Telephone interview with Elwood Gross. Elwood Gross lived in Lakeland from 1933 to the 1970s. He served on the Lakeland Project Area Committee (PAC), which consisted of Lakeland residents who approved the earliest version of urban renewal plans. Those plans later changed and did not include many requests made by Lakelanders, namely the desire for single-family housing. Recorded via telephone with subject speaking from his home in South Carolina.
An oral history interview conducted with Jean Ann Matthews during Lakeland Heritage Weekend 2007. Mrs. Jean Ann Gray Matthews, eldest of 13 children, was born in the Lakeland Community in her grandmother's home on December 19, 1934, to Clarence and Christine Gray. In 1954, she married Carroll Matthews in Lakeland at 48th Avenue, which was where her parents resided. From this union, they became the parents of two daughters, Carroll and Avis and two sons, Barrett and Jean. One of the most significant influences that remains in Mrs. Matthews' life is her religious involvement, and she has been a member of the Embry AME Church of Lakeland since a child; she readily admits that these religious teachings, along with her strong familial bond, have instilled in her a positive attitude and a major source of strength. Mrs. Matthews is grateful for the significant role her parents and other religious leaders, such as pastors and Sunday school teachers, played in her upbringing. Besides her church involvement, Mrs. Matthews considers her children attending college as another proud accomplishment. When asked about the most significant change in Lakeland, Mrs. Matthews says it was urban renewal since it forced many people to leave the community; however, she did not have to leave. When asked how she would like to be remembered, Mrs. Matthews notes: "I gave the best to the community proud to have been born and raised in Lakeland."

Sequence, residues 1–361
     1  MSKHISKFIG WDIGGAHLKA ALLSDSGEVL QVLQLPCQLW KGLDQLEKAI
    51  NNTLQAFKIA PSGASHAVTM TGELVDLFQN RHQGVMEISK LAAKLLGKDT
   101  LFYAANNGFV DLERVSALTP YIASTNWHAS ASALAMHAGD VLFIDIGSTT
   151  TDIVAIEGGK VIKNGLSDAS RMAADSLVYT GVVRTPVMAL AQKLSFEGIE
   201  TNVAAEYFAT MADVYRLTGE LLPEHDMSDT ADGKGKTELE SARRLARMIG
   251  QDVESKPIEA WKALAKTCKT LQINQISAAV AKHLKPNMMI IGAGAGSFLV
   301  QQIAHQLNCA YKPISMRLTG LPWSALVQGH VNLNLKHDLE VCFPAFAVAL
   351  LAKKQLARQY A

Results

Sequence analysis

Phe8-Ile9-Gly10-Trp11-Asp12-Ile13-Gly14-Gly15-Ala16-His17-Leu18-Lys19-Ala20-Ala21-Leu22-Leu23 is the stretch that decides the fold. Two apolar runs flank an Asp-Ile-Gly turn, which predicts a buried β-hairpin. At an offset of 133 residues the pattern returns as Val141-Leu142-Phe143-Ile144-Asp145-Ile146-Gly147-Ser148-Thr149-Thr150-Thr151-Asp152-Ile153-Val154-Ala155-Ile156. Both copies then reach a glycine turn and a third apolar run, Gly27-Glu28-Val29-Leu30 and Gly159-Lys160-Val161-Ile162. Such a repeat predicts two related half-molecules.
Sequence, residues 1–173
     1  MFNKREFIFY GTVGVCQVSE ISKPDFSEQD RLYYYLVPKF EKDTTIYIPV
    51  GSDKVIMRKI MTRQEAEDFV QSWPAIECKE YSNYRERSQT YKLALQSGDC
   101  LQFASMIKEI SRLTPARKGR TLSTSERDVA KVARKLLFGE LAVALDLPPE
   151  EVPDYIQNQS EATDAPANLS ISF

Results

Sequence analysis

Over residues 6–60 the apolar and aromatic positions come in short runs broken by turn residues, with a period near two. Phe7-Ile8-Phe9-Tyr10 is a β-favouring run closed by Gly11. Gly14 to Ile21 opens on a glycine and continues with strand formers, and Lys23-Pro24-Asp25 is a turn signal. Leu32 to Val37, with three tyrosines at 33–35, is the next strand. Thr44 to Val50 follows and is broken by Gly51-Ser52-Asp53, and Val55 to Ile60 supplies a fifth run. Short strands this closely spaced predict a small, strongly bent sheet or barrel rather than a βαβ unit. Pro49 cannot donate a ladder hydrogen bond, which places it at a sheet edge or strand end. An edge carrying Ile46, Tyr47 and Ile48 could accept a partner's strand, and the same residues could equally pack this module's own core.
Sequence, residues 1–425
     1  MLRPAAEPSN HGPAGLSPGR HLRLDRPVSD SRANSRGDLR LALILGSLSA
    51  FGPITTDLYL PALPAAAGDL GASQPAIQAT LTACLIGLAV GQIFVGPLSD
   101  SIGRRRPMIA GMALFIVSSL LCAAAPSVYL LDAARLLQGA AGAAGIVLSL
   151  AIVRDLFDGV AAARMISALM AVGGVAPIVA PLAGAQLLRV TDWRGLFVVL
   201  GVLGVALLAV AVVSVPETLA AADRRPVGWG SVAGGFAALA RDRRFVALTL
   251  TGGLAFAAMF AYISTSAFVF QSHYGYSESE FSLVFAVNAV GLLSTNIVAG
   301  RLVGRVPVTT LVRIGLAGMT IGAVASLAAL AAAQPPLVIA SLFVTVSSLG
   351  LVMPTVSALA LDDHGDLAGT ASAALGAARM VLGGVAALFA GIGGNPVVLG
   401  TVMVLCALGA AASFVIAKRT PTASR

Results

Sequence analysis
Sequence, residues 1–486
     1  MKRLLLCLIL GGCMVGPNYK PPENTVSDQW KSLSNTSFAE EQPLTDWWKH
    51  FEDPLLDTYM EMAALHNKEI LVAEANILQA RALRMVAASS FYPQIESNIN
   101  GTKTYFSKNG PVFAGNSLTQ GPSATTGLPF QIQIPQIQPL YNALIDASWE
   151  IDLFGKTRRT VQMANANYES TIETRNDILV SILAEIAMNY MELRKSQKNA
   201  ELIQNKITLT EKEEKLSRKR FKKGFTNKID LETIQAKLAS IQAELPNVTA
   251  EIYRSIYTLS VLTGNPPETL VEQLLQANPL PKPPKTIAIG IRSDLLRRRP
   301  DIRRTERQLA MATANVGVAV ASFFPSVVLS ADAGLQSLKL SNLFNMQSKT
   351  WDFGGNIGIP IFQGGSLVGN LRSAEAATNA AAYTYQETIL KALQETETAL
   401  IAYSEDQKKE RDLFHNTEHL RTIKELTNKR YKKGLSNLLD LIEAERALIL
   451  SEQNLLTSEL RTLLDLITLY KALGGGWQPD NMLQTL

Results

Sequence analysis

Recorded during Lakeland Storytellers, Maryland Day, at Cole Fieldhouse at University of Maryland